CHATHAM, NJ - The American Beekeeping Federation’s 2019 winner of the American Honey Princess award visited the Chatham Borough Farmers’ Market on Saturday as a stop on her nationwide tour to speak out and promote the importance of honeybees.
This year’s Honey Princess, Nicole Medina, is from Sussex County. She is 20 years old and has been keeping bees for the past five years and has been hosting previous Princesses during their tours for just as long.
“You don’t need to be a beekeeper to be the next Honey Princess,” she said. “You just needed to be inspired and open educating yourself on the subject.”
Medina recounted her experience hosting previous Honey Princesses: “Their confidence and drive inspired me to learn and grow as a person, and I want to do the same for the young people of today.”
During her presentation at the farmers' market, Medina prepared a honey cucumber salad from her own original recipe, which can be found below.
“I like to do this recipe during my presentations because cucumber is one of the crops whose success is entirely dependent on bee pollination,” she explained while assembling her ingredients. Along with tomatoes and strawberries, bee pollination plays a crucial role in crop yield, which is important to note since approximately one-third of bee populations are lost every year. “Although they are making a comeback, it is only slight and the bee population is still at risk.”
The most impactful aspect harming bee populations are Varroa mites. These are parasitic mites that attach themselves to a bee’s abdomen and eat away at their fatty cells. These cells cannot be regenerated, and their deterioration greatly weakens the bee’s immune system.
In response to this, Medina said the best approach to take would be to treat sick bees like any other sick animal: treatment and healing. This can be done by beekeepers applying miticides to their beehives upon noticing the presence of the parasites. It is heavily suggested not to use miticides as a protective measure as to avoid any mite populations developing a resistance.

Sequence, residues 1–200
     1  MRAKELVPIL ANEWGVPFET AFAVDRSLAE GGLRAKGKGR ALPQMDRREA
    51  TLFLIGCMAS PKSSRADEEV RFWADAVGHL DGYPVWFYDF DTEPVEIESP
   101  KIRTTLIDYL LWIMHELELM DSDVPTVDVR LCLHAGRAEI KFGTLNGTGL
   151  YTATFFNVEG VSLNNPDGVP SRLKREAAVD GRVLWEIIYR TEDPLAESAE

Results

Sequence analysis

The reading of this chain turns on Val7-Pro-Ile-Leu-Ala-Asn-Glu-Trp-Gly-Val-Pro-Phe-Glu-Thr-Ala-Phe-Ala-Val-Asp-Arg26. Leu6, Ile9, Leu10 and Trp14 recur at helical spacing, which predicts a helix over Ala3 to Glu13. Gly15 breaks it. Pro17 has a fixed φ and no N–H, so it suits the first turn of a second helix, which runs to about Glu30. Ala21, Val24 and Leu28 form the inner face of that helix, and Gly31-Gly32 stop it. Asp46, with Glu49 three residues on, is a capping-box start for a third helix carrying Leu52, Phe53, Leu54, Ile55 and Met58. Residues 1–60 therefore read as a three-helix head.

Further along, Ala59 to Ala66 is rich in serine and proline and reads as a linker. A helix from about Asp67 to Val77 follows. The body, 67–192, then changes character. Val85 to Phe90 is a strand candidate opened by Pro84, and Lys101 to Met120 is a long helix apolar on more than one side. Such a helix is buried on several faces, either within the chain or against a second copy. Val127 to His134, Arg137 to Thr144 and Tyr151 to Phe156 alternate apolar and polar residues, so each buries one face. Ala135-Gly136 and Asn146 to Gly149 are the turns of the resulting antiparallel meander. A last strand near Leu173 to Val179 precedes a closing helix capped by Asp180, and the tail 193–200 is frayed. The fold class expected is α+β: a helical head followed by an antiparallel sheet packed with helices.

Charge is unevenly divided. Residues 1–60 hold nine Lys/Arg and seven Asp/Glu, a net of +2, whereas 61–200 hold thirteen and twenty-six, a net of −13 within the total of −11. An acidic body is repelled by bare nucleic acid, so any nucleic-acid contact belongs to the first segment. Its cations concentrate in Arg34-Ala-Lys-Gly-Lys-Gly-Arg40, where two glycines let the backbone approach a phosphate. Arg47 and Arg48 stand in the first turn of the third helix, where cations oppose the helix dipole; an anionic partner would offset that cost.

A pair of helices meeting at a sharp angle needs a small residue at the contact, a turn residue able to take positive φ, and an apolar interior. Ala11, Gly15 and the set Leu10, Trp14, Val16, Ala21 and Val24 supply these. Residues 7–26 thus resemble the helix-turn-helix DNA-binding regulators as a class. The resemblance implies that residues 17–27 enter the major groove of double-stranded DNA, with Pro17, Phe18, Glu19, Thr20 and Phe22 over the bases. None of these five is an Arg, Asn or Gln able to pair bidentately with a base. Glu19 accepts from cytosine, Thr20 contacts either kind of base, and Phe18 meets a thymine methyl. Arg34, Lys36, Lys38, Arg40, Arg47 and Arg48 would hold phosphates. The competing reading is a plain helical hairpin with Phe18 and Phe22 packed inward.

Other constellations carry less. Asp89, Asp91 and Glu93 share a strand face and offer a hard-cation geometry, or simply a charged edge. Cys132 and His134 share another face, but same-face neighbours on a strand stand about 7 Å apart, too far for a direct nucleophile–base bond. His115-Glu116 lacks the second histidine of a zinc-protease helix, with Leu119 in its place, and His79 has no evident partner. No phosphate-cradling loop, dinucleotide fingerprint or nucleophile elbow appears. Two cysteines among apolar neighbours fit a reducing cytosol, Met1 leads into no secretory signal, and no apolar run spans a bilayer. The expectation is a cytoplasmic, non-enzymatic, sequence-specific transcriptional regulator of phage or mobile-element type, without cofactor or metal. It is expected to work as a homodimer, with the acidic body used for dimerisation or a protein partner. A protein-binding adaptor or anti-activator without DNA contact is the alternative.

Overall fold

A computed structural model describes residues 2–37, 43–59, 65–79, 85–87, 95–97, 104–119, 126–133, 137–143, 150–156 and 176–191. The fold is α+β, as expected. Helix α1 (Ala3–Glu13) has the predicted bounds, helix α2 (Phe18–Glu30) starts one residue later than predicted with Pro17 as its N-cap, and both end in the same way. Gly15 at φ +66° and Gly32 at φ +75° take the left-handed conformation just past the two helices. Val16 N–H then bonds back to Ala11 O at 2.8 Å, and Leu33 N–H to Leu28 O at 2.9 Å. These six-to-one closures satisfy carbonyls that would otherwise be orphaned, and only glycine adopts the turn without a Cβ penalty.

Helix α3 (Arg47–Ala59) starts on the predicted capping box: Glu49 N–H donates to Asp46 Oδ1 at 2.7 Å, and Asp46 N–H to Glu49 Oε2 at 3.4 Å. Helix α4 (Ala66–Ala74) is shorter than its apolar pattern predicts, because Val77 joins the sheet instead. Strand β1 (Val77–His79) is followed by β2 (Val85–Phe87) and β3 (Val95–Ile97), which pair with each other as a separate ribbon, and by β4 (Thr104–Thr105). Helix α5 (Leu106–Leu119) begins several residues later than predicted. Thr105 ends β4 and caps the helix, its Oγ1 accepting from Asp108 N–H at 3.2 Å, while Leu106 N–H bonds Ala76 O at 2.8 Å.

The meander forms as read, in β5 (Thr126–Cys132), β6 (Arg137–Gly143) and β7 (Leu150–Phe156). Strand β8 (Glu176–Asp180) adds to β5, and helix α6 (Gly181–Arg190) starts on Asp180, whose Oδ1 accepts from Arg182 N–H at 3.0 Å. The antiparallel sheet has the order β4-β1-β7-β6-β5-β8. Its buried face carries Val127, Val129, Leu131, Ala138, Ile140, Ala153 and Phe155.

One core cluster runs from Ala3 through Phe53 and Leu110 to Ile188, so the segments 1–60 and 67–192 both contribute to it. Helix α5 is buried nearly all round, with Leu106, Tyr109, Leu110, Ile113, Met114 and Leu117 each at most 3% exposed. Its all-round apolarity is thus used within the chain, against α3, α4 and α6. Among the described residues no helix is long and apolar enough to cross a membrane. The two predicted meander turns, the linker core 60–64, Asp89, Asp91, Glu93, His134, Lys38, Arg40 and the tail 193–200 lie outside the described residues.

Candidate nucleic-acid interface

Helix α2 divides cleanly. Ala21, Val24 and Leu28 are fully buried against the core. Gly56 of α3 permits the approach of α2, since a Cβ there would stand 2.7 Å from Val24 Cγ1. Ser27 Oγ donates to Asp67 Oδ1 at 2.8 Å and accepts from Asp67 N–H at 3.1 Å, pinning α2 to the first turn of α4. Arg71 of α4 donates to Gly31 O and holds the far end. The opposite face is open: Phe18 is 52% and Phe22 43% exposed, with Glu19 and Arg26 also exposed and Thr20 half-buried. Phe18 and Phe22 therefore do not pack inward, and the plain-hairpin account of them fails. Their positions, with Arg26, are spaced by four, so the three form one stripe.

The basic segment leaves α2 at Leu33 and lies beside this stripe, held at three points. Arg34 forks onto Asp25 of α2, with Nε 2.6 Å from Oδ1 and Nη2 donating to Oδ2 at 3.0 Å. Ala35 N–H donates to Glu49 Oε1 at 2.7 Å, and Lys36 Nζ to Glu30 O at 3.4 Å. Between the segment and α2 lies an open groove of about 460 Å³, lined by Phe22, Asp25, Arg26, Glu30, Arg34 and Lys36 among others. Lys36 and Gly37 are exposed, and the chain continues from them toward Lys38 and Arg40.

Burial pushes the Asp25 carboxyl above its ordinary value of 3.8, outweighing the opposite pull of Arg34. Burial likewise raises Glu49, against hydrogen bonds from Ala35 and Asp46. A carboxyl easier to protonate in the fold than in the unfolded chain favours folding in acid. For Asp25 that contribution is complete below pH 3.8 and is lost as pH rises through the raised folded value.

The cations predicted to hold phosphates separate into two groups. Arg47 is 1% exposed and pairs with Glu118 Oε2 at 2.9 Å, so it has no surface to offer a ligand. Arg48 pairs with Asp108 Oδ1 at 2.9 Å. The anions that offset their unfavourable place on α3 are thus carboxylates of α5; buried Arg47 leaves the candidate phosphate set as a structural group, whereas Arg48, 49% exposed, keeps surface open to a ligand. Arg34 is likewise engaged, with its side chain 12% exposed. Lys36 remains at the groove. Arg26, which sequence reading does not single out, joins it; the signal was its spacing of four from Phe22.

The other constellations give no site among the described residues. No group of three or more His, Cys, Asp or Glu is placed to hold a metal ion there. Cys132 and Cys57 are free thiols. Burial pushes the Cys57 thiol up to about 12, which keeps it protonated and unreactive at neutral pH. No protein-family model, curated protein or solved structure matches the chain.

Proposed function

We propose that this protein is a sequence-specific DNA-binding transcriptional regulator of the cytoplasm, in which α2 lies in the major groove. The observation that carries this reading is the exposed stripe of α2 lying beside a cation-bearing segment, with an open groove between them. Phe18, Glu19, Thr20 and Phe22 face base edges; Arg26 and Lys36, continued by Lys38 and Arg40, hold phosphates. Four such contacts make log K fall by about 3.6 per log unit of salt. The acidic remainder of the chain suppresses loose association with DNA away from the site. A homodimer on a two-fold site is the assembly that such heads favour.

A second large aspect in the decline in bee populations in the misuse of pesticides. When using them on their properties, people tend to squirt in overly excessive amounts, which overwhelms chemical reactions. When a bee comes in contact with pesticides or insecticides that are used out of moderation, the harmful chemicals can be brought back to the hive and have the potential to cause widespread colony deaths.
Just because someone isn’t a beekeeper, though, doesn’t mean they can’t do their best to help save the population. An easy way Medina recommends that residents can help is “to hold off cutting your lawn so often,” remarking that by letting dandelions, goldenrods and other wildflowers grow out for about three weeks in the late fall can give honeybees quick (resources) to the nectar-dense plants.
Voluntarily planting wildflowers is also immensely helpful in supporting pollination. The presence of wildflowers is especially important in times of “nectar dearth,” which occurs multiple times throughout the year when there is a shortage of nectar in the local environment. “Dearths” occur during winter and can also occur during the summer between spring and autumn flowers. Wildflowers help by giving bees nectar sources when other options are scarce.
Medina also stressed the importance of awareness and understanding when faced with bees in real life.
“Honeybees are defensive, not aggressive. They won’t sting you if you don’t agitate them,” she said. “One thing many people don’t realize about bees is that they don’t see like we do. A honeybee might approach you because it smells your soaps and shampoos and confuses you for a flower. Once they get close enough, they can discern that you aren’t what they’re looking for and they’ll be on their way.”
Supporting your local beekeepers (has many advantages as well). It’s an expensive business for a local keeper to uphold. To produce honey, it takes about 2 million flights per bee per pound of product. When bees fly to collect nectar, they tend to stray from 3 to 5 miles from their hives. This is important to note because local bees will collect pollen from local allergens, and by eating their honey, allergies can become less severe as immunities build up. Also, according to the American Beekeeping Federation, commercial beekeeping has been declining in the United States.
Medina will continue touring the country and promoting the importance of beekeeping and honeybees.
Honey Princess Nicole Medina’s Honey Cucumber Salad
- 3 medium English cucumbers, thinly sliced
- ¼ cup honey
- ½ cup white balsamic (or white white) vinegar
- ¼ cup water
- ½ red onion, slivered
- 1 tbsp fresh dill, chopped
- salt and pepper, to taste
Place cucumbers in a bowl and sprinkle with salt. Toss and set aside. In a small mixing bowl, stir together honey, vinegar, water, and slivered red onions. Pour mixture over the cucumbers and toss. Allow salad to marinate in the refrigerator for about one hour prior to serving.